Respond to this post with a positive response :Ask a probing question, substantiated with additional background information, evidence or research.Share a
Respond to this post with a positive response :
Ask a probing question, substantiated with additional background information, evidence or research.
Share an insight from having read your colleagues’ postings, synthesizing the information to provide new perspectives.
Offer and support an alternative perspective using readings from the classroom or from your own research in the Walden Library.
Validate an idea with your own experience and additional research.
Make a suggestion based on additional evidence drawn from readings or after synthesizing multiple postings.
Expand on your colleagues’ postings by providing additional insights or contrasting perspectives based on readings and evidence.
Throughout my years as an ICU nurse, critical thinking has become a skill that I utilize on a daily basis in my clinical practice. Not only are critical thinking skills a part of my daily practice, but I also observe my colleagues putting their critical thinking skills to use in their every day clinical practice. One example of critical thinking skills being used in ICU clinical practice is when multiple drips are being titrated on a patient that is extremely ill. As an ICU nurse, it is essential and vital that you utilize critical thinking skills when choosing which drip to titrate up or down or which drip to start or stop. Another instance where I have observed critical thinking skills being used in the ICU is when I would attend a rapid response on one of the medical floors. As the critical care nurse, I must use my critical thinking skills to choose the right lab tests to run, determine what might be going on with the patient that is in distress, and choose the right treatment pathway.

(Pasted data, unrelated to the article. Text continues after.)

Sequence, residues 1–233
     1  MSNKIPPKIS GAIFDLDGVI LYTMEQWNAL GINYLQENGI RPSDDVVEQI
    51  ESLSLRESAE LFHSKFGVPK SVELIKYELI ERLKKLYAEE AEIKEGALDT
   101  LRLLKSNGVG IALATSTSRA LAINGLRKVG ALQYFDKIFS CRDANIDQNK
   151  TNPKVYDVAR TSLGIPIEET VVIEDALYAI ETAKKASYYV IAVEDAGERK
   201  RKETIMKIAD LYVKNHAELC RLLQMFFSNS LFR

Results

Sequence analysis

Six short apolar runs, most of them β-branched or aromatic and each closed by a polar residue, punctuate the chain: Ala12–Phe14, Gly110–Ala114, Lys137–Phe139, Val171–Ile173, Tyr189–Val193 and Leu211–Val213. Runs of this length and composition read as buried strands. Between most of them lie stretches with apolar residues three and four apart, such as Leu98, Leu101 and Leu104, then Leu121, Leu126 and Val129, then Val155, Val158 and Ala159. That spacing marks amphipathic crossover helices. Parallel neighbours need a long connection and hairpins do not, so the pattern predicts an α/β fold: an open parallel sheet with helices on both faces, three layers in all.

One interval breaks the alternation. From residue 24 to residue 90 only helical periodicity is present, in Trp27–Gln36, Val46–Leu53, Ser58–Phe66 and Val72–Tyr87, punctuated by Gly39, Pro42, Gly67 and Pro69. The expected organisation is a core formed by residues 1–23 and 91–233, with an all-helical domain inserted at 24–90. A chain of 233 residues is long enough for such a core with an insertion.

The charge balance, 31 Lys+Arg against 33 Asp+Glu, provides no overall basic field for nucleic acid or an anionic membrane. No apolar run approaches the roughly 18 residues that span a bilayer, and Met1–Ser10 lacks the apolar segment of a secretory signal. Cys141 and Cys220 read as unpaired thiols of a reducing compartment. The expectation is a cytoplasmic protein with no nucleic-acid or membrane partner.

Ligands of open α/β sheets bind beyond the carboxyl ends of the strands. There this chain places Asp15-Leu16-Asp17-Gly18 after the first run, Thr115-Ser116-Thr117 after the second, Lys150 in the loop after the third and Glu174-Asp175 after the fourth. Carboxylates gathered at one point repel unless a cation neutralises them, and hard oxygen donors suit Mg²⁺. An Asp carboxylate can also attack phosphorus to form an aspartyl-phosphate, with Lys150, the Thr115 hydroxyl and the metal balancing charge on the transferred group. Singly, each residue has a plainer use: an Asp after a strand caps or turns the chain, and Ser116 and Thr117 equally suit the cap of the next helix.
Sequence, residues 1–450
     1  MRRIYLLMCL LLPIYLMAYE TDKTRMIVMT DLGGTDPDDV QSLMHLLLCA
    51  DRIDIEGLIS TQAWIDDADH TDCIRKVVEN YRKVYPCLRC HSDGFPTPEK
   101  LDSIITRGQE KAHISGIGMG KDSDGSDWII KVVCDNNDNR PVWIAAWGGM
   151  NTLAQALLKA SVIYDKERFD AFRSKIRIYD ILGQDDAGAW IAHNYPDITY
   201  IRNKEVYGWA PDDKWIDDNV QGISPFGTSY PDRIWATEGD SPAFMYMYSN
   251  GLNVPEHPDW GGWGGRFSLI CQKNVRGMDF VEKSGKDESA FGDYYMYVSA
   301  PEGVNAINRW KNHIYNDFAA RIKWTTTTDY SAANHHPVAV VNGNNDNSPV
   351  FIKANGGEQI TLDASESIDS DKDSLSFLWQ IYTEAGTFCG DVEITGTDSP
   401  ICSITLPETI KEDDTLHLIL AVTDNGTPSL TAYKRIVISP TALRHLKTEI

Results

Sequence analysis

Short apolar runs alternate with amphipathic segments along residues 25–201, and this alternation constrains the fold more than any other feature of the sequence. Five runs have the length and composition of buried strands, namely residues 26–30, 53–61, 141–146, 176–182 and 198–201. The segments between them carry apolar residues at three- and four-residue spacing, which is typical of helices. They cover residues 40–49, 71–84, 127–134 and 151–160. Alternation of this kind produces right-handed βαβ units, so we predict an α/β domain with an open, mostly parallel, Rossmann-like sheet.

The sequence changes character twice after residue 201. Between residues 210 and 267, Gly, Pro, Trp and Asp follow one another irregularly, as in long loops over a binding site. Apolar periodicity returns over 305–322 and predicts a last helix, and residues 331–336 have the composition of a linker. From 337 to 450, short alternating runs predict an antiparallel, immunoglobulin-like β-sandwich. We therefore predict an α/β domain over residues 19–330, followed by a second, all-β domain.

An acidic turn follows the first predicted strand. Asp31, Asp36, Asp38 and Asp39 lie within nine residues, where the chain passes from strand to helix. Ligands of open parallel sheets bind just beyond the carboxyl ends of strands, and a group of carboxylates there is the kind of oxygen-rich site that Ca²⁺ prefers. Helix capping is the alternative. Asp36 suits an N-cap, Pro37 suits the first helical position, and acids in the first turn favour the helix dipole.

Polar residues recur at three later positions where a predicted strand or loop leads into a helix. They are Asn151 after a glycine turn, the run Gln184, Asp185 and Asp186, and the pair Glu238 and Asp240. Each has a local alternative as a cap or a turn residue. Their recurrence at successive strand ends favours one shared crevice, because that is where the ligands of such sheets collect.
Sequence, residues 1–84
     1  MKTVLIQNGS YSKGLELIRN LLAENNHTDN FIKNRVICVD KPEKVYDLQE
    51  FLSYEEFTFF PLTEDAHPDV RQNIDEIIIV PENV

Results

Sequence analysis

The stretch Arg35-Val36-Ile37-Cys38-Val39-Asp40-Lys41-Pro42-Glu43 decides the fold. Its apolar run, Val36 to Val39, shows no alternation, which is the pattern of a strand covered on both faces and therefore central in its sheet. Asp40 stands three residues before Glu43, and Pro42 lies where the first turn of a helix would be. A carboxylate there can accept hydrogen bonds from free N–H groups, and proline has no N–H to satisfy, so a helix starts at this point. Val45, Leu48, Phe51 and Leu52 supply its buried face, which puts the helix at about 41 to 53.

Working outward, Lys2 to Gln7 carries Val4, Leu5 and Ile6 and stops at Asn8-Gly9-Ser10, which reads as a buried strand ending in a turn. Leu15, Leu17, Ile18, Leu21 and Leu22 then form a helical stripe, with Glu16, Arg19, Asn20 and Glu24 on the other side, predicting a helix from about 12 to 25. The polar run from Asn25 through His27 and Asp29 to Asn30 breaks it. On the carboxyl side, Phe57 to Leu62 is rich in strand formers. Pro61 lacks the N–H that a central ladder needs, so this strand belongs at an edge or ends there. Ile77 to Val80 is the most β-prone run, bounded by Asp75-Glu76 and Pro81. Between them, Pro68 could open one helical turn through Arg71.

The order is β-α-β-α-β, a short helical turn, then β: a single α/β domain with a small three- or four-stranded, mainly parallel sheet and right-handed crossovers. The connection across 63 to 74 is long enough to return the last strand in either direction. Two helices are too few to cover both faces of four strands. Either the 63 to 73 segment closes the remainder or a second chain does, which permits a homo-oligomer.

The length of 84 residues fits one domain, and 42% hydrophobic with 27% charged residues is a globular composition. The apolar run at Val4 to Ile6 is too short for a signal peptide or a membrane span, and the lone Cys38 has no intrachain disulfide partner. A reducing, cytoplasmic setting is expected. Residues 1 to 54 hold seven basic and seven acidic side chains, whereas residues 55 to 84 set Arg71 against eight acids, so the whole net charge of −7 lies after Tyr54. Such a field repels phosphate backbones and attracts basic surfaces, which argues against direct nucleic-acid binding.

I try to improve my clinical competence in every way I can, especially by employing my critical thinking strategies. Some of the strategies I use most often include listening, continuing to learn every chance I get, and explaining to my colleagues why I came to a specific conclusion. I use the strategy of listening to improve my clinical competence because it helps me find new solutions to everyday problems that I might face in the ICU. Learning helps improve my clinical competence because it makes me a better ICU nurse. The more I learn, the more proficient I can become. I like to explain my rationale for the conclusion I came to because another colleague might have something important to add that would aid in solving the problem at hand.
Clinical scholarship is defined as an approach that enables evidence-based nursing and the development of best practices to meet the needs of clients efficiently and effectively (Stanley et al., 1999).
Critical thinking is defined as the objective analysis and evaluation of an issue in order to form a judgment (Benner, Hughes, & Stuphen, 2008, p. [Page 120]).
Clinical practice is defined as either the field of principal professional clinical activity (Wilkes, Mannix, & Jackson, 2013).
After reviewing the definitions of clinical scholarship, critical thinking, and clinical practice I was able to see how each term is interconnected. In order to have a clinical scholarship like approach in clinical practice, it is essential that critical thinking tools be utilized. The development of the best practices in clinical nursing practice will not occur if there is no critical thinking involved in the process (Wilkes, Mannix, & Jackson, 2013).
These three terms should be looked at as a single unit; one cannot exist without the other.
Benner, P., Hughes, R. G., & Stuphen, M. (2008). Patient Safety and Quality: An
Evidence-Based Handbook for Nurses.Rockville, MD.
Stanley, J., PhD, Keating, S. B., EdD, Edwardson, S., PhD, Easley, C. E., PhD, Alichnie,
C., PhD, & Edwards, J., PhD. (1999, March 15). Defining Scholarship for the
Discipline of Nursing. Retrieved December 31, 2018, from
Wilkes, L., Mannix, J., & Jackson, D. (2013). Practicing nurses perspectives of clinical
scholarship: a qualitative study. BMC nursing, 12(1), 21. doi:10.1186/1472-6955-